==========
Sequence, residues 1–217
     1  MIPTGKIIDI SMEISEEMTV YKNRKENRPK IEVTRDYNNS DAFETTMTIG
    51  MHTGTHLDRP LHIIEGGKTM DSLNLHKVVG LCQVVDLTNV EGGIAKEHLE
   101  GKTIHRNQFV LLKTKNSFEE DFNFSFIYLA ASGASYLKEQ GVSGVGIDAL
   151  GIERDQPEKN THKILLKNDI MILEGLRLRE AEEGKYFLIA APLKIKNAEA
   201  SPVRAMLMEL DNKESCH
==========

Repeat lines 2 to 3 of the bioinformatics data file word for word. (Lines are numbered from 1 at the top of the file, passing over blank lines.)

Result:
     1  MIPTGKIIDI SMEISEEMTV YKNRKENRPK IEVTRDYNNS DAFETTMTIG
    51  MHTGTHLDRP LHIIEGGKTM DSLNLHKVVG LCQVVDLTNV EGGIAKEHLE